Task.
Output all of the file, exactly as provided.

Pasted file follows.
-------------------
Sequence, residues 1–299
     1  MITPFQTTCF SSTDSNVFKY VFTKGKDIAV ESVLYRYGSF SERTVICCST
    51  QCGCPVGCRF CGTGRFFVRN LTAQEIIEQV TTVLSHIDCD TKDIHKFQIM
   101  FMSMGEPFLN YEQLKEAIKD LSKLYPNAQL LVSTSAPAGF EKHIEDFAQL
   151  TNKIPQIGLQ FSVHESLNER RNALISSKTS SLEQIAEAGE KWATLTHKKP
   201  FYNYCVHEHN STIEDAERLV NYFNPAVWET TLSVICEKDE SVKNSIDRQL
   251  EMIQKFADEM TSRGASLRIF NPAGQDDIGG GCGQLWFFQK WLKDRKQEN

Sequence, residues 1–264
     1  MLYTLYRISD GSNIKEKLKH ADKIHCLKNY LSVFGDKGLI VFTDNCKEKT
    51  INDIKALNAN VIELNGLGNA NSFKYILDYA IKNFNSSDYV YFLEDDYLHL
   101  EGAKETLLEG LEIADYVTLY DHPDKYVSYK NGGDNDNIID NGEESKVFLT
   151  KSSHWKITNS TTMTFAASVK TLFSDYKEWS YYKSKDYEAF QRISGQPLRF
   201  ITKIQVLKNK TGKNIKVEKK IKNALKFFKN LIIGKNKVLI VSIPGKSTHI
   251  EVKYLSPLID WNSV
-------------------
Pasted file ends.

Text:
Sequence, residues 1–299
     1  MITPFQTTCF SSTDSNVFKY VFTKGKDIAV ESVLYRYGSF SERTVICCST
    51  QCGCPVGCRF CGTGRFFVRN LTAQEIIEQV TTVLSHIDCD TKDIHKFQIM
   101  FMSMGEPFLN YEQLKEAIKD LSKLYPNAQL LVSTSAPAGF EKHIEDFAQL
   151  TNKIPQIGLQ FSVHESLNER RNALISSKTS SLEQIAEAGE KWATLTHKKP
   201  FYNYCVHEHN STIEDAERLV NYFNPAVWET TLSVICEKDE SVKNSIDRQL
   251  EMIQKFADEM TSRGASLRIF NPAGQDDIGG GCGQLWFFQK WLKDRKQEN

Sequence, residues 1–264
     1  MLYTLYRISD GSNIKEKLKH ADKIHCLKNY LSVFGDKGLI VFTDNCKEKT
    51  INDIKALNAN VIELNGLGNA NSFKYILDYA IKNFNSSDYV YFLEDDYLHL
   101  EGAKETLLEG LEIADYVTLY DHPDKYVSYK NGGDNDNIID NGEESKVFLT
   151  KSSHWKITNS TTMTFAASVK TLFSDYKEWS YYKSKDYEAF QRISGQPLRF
   201  ITKIQVLKNK TGKNIKVEKK IKNALKFFKN LIIGKNKVLI VSIPGKSTHI
   251  EVKYLSPLID WNSV